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Towards confirmatory data analysis? Deriving and analysing routing information for an origin-destination bike share dataset

Beecham, R. & Wood, J. (2014). Towards confirmatory data analysis? Deriving and analysing routing information for an origin-destination bike share dataset. Paper presented at the The 46th Annual Universities’ Transport Study Group (UTSG) Conference, 06-01-2014 - 08-01-2014, Newcastle, UK.

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Data collected from urban bike share schemes allow observed travel behaviours to be analysed on a uniquely large scale. Exploring such timed origin-destination (OD) data from the London Cycle Hire Scheme (LCHS), we previously generated detailed insights into spatiotemporal patterns of travel and suggested new hypotheses for their motivation. A limitation was that with only the origins and destinations of cycle journeys, little was known about the nature and context of likely cycled routes. In this study, we use the CycleStreets routing engine to derive routing information for every OD pair made through the LCHS. From these suggested routes, we collect heuristics for the nature of each journey. Information on the number of signalled junctions encountered, on any bridges crossed, as well as a proxy for the busyness of suggested routes is recorded. We then analyse over 5 million journeys made by LCHS members during a 12-month period (September 2011 – September 2012). Focussing on LCHS journeys that involve crossing the River Thames, we observe differences in male and female cyclists’ apparent use of bridges, which appear to be strongly related to a commuting function. Studying heuristics of suggested routes over these bridges, we find some evidence to suggest that women may be underrepresented amongst commuting journeys that involve a river crossing because those very journeys are associated with relatively busy and demanding routes. We also find evidence that the nature of frequently cycled journeys involving a river crossing might explain imbalances in the direction of journeys made over the river when we select periods of more discretionary activity – when studying weekend journeys. These findings are nevertheless quite speculative. A number of confounders cannot be easily accounted for within this analysis: the economic geography of the city, spatial interactions between docking stations at particular space-times and the relative availability of transport alternatives. Perhaps most importantly, our analysis assumes that routes suggested by the routing algorithm closely reflect individuals’ actually cycled routes.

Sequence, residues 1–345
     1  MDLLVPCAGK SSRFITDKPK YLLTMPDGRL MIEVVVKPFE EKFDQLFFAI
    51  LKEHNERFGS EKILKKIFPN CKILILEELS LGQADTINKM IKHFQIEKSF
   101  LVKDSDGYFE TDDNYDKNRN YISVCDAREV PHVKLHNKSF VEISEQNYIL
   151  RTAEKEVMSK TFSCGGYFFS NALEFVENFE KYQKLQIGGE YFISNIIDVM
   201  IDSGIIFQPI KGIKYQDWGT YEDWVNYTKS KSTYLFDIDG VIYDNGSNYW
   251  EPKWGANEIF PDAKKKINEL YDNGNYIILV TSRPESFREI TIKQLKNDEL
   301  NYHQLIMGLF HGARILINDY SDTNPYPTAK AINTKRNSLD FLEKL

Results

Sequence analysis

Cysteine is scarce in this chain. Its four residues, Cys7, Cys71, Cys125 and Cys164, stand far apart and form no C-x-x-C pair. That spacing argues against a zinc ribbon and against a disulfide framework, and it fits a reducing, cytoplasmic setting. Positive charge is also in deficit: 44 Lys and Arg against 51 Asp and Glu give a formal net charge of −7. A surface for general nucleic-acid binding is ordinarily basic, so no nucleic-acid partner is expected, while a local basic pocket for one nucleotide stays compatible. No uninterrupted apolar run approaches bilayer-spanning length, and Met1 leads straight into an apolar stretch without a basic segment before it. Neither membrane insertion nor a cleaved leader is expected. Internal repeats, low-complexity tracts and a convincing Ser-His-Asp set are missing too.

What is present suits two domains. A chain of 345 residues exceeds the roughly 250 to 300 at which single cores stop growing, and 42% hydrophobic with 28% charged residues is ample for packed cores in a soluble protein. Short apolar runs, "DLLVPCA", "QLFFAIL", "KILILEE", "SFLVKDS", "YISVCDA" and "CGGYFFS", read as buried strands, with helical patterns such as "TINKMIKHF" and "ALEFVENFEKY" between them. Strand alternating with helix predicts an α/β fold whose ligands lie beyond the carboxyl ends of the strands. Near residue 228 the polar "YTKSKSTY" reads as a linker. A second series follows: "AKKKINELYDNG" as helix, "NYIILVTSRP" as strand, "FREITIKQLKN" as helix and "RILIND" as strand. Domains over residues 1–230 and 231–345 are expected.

Publication Type: Conference or Workshop Item (Paper)
Publisher Keywords: origin-destination data; travel behaviour; routing algorithms
Subjects: H Social Sciences > HE Transportation and Communications
Q Science > QA Mathematics > QA75 Electronic computers. Computer science
Departments: School of Science & Technology > Computer Science > giCentre
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